Mr. and Mrs. Wiener, a Jewish couple from New York, moved to Red Cloud in 1884. His first business venture was to purchase the north half of the State Bank building. Owner John Hay had purchased that space in September of 1883 as a location from which to conduct his business, The People’s Clothing Store. Charles, a German-Jewish clothier, took over ownership on January 1, 1884 and renamed the business, The Golden Eagle Clothing Store. He continued to operate under that name during his Red Cloud residency. However, before long Wiener decided to erect his own establishment.
In an April 1885 issue of The Red Cloud Chief, we learn that Mr. Wiener has purchased the lot just to the north of the newly constructed First National Bank building. A wooden frame structure that housed Spanogle and Funk’s agricultural implement business was previously located there. The plans were to construct a two story brick with the first floor devoted to his clothing business and the second floor for residential purposes. By the following August, the same publication reports that things are progressing rapidly and when complete, his building will be one of the handsomest west of Omaha. A second story bay window embellished by beautiful ornamental work became a hallmark of the structure. Once complete, it and its neighboring structure to the south, the recently completed First National Bank, served as perfect architectural compliments to each other. It doesn’t appear that Mr. and Mrs. Wiener resided in the second story quarters. However, the space was available for them and some of their close friends to use for social functions.
Mrs. Wiener died while on a trip to Chicago in 1893. Charles continued to live here until 1897 when he sold the building to Charles J. Platt and his inventory to local clothing merchants, Edgar Cowden and Albert “Bert” Kaley. Sometime in the not-so-distant future, Cowden and Kaley rented the Wiener Building and conducted their business, Cowden-Kaley Clothing, there. During this time, Mr. and Mrs. Cowden resided in the second story residence.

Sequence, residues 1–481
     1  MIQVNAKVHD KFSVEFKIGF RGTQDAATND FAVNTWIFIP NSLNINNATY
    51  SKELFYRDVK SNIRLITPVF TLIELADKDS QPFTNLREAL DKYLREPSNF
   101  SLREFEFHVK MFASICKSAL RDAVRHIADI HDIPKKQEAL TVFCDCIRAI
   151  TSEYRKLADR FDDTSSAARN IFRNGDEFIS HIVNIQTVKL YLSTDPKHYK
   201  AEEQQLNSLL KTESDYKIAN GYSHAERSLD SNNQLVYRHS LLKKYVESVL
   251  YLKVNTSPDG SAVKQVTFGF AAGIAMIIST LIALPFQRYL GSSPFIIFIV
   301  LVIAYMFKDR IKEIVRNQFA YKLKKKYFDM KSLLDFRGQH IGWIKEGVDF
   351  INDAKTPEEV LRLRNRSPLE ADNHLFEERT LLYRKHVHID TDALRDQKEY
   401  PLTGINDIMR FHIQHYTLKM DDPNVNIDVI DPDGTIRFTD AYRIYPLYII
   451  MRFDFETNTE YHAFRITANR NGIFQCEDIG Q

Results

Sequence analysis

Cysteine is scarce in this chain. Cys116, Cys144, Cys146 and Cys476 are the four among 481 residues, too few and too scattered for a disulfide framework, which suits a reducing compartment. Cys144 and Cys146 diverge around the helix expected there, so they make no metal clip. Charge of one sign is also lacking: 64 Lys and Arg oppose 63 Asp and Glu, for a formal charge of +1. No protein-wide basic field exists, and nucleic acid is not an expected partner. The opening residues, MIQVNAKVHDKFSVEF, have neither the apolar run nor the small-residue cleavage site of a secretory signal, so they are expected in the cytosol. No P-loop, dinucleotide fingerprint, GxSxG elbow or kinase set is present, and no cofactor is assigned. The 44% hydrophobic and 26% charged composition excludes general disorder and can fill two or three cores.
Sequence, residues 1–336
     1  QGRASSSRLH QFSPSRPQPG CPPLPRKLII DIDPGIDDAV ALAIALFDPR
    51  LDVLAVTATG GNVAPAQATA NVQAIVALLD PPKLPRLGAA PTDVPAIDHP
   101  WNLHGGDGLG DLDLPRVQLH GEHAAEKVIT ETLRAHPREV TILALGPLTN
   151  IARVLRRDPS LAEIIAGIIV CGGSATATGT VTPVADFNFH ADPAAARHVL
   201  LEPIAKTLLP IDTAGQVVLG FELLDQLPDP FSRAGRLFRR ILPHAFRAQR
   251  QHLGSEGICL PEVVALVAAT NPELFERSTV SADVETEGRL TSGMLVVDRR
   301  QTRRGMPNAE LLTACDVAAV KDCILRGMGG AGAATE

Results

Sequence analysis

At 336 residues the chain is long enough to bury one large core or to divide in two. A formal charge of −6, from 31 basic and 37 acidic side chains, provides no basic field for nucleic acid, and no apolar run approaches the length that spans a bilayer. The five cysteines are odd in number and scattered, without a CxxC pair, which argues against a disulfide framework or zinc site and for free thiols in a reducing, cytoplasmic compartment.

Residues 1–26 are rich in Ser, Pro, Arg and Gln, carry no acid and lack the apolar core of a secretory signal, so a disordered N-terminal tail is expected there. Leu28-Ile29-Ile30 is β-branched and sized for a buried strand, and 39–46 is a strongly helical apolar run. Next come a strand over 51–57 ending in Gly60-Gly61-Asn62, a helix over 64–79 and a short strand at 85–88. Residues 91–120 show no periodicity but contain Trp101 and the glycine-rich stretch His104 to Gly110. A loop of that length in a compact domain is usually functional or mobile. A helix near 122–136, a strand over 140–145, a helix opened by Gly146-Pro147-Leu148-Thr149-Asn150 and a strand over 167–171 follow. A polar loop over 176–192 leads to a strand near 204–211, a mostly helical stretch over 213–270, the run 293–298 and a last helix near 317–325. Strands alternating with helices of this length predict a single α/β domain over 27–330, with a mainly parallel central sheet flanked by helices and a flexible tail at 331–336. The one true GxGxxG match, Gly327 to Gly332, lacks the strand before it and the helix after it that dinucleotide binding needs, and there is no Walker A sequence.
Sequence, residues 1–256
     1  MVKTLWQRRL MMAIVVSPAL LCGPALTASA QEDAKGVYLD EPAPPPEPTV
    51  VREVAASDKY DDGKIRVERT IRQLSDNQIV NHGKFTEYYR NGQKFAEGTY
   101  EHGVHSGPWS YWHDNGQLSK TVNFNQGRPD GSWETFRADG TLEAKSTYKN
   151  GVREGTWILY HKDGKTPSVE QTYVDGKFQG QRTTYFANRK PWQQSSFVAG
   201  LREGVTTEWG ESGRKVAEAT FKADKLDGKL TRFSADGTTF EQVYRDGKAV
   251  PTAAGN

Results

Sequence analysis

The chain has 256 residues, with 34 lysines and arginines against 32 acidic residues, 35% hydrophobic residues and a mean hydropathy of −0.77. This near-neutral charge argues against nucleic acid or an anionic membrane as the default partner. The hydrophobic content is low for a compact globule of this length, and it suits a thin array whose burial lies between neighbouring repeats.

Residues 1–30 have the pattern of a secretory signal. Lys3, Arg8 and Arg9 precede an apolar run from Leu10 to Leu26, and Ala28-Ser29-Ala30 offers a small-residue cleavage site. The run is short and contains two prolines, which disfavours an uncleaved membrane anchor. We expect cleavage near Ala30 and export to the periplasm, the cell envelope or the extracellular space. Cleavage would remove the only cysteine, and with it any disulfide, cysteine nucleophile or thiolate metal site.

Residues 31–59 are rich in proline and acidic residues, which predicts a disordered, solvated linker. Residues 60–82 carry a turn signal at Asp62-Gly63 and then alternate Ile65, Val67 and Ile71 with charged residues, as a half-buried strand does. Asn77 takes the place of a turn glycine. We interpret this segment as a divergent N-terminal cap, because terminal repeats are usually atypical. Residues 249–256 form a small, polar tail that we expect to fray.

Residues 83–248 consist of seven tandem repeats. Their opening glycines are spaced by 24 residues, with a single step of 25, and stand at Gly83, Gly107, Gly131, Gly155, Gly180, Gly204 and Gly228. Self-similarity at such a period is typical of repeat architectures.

Unfortunately, a devastating fire originating in a storage room of Hamilton Clothing, a neighboring business, occurred in January of 1924. Luckily and quite possibly due to a fire wall, the Cowdens escaped unharmed. However, the two buildings located directly north of the Wiener Building were determined to be total losses. Owned by George Trine and Oscar Sattley, they respectively housed Trine Hardware and Hamilton Clothing. The businesses operating from the second stories of the ruined structures were also victims of the devastation. These were the attorney offices of E. G. Caldwell, the real estate offices of Rosencrans and Huffer, and that of J. H. Bailey. The total loss for all three buildings and their contents was estimated at $100,000. While the Wiener building did not suffer as extensive of losses as the other businesses, it had been damaged greatly. Despite his building being left with what appeared salvageable elements, the owner decided that it was in his best interest to join forces with the other two businesses and replace his building, as well. Plans for a single structure to replace the three previous structures were well established by the end of that same month.
– by Suzi Yost Schulz